So, you've actually had a very successful monitoring and evaluation experience. How do you perceive the presentations and the work you witnessed at the African Development Bank's Evaluation Week?
I found it very innovative for the AfDB to set out an evaluation week to reflect on evaluation and look at the way forward. I have worked with a number of organizations and we do not commonly do this. One of my recommendations was that, if it were possible, we should emulate and replicate this evaluation week at all levels, even at the lowest level possible. So that a given committee can just choose a project which is very close to it, set up the same process and take the time to reflect and evaluate itself, perhaps without using very complicated tools. They just need to sit together as a committee through this exercise. In this way, if the local communities can understand--without the jargon of evaluation-- the need to hold the government accountable, this can also go a long way to making government offices more alert. So, the AfDB's focus on this and the institutionalization of OPEV are very positive steps forward. In my opinion, strengthening public institutions holds the key to Africa's renaissance and its social and economic development, particularly the need to rethink and enforce institutional capacity development strategies that focus on issues of effects, integrity, values and attitudes in the public service.
Sylvia Apreku's passion for development policy and planning, as well as project management with a focus on Sub-Saharan Africa attracted her to enroll in the Masters in Development Economics Programme at Dalhousie University in Canada. Since completing Dalhousie University in 2003, she has been involved in various development policy and public sector reform management initiatives aimed at improving public service delivery and contributing towards poverty reduction across Eastern, Southern and Western Africa. Her contribution has been through designing and managing long term and sustainable development approaches and programs.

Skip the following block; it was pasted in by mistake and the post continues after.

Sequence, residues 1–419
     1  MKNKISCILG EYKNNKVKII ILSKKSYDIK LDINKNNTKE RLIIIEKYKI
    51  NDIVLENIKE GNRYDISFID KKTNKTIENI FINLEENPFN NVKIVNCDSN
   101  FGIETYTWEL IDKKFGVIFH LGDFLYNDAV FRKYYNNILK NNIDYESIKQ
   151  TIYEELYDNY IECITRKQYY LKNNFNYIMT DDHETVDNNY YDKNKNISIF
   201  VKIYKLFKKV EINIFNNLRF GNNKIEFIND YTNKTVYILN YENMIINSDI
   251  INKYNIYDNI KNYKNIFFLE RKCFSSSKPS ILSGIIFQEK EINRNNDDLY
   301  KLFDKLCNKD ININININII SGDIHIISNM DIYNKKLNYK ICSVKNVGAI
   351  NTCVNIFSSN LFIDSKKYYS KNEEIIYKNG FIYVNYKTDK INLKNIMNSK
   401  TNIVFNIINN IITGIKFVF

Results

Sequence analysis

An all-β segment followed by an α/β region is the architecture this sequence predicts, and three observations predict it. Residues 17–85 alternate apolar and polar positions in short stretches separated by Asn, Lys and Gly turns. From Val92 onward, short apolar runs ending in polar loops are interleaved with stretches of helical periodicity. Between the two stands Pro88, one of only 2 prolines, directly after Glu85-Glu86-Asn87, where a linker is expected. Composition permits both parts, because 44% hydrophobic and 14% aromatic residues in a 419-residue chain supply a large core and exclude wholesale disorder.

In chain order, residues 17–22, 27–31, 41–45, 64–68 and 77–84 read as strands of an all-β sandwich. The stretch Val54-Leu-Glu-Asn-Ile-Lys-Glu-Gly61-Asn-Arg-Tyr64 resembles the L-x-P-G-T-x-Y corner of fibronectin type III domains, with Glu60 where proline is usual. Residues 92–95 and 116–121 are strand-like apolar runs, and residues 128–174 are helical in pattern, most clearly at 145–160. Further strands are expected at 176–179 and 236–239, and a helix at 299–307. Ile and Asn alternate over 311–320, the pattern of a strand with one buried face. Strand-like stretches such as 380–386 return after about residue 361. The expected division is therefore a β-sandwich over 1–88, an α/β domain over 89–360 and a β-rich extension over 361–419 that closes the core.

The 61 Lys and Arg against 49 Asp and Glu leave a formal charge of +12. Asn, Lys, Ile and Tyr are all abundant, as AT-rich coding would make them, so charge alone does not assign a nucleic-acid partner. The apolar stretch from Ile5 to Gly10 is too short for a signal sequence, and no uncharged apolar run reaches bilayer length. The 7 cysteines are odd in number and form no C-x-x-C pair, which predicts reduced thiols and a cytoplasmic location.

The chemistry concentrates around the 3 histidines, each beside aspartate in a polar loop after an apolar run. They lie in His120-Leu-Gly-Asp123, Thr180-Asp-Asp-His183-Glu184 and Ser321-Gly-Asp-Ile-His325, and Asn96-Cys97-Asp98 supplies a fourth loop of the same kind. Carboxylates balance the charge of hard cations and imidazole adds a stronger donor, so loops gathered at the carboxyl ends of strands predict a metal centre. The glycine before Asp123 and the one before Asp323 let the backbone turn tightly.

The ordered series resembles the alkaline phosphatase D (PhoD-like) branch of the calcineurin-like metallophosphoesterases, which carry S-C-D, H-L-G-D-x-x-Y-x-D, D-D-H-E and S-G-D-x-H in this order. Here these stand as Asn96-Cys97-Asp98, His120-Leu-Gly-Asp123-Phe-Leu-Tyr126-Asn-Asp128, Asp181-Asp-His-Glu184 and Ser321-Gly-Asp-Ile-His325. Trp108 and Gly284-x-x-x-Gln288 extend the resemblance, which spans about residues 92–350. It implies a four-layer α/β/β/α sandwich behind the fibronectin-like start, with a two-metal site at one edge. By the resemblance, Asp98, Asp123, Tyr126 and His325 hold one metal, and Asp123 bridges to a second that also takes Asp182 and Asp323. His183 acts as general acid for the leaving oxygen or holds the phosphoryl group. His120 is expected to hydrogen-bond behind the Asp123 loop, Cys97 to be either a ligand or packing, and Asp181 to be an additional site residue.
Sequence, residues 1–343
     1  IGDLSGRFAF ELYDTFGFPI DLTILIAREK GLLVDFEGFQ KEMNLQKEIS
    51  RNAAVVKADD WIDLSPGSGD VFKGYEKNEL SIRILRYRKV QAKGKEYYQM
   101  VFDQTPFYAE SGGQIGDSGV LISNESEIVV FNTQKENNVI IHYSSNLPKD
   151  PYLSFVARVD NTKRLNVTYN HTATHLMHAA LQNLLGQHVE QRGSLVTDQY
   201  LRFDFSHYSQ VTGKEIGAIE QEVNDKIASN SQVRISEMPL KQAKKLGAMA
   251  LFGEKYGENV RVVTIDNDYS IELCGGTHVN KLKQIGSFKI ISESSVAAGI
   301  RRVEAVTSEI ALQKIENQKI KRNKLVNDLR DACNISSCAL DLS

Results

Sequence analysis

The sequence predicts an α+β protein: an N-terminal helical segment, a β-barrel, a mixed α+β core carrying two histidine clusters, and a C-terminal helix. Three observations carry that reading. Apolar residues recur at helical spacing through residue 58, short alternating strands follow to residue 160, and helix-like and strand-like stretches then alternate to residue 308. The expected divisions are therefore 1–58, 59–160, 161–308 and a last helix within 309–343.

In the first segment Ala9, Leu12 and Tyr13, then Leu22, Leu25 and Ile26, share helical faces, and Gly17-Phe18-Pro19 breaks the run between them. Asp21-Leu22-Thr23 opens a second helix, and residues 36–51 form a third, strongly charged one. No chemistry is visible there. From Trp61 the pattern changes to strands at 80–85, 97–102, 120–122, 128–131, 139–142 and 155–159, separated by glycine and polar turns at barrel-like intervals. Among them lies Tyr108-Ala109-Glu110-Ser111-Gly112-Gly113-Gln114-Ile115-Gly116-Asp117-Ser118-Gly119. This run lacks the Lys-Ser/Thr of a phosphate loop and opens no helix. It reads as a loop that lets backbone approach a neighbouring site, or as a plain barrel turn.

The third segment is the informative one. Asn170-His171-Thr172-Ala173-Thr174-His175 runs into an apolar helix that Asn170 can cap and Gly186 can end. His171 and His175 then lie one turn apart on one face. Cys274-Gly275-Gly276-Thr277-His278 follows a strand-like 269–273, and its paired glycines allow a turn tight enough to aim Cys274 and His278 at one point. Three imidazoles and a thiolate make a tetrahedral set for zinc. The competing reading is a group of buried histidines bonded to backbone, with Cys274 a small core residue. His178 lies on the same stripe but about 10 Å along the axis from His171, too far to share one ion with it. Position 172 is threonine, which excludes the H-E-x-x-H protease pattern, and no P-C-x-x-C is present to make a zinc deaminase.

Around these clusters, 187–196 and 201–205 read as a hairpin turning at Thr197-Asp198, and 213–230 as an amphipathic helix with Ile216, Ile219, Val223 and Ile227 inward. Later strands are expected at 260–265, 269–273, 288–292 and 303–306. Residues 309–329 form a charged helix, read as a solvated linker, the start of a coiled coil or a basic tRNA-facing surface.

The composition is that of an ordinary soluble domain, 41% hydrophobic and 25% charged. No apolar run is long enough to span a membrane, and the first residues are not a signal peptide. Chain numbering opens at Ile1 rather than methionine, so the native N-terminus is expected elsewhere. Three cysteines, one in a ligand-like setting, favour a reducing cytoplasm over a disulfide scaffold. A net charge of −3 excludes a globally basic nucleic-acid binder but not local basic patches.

Over the period, she has served as a Local Governance advisor with the Netherlands Development organization (SNV) in Zimbabwe. She also worked as a Program officer in the Public Sector Reform section of UNDP Sierra Leone. With the UNDP she managed the execution of large projects in a post-conflict context, including the Diaspora project, the Public Sector Reform Support and the Strategy and Policy Unit project. She also served as an independent consultant, leading a team responsible for designing and elaborating NEPAD Rwanda's vision and strategy. Apreku also designed two Area development programs for World Vision Rwanda. She is currently managing the Public Sector Reform and Institutional Capacity Development Project with UNDP in The Gambia.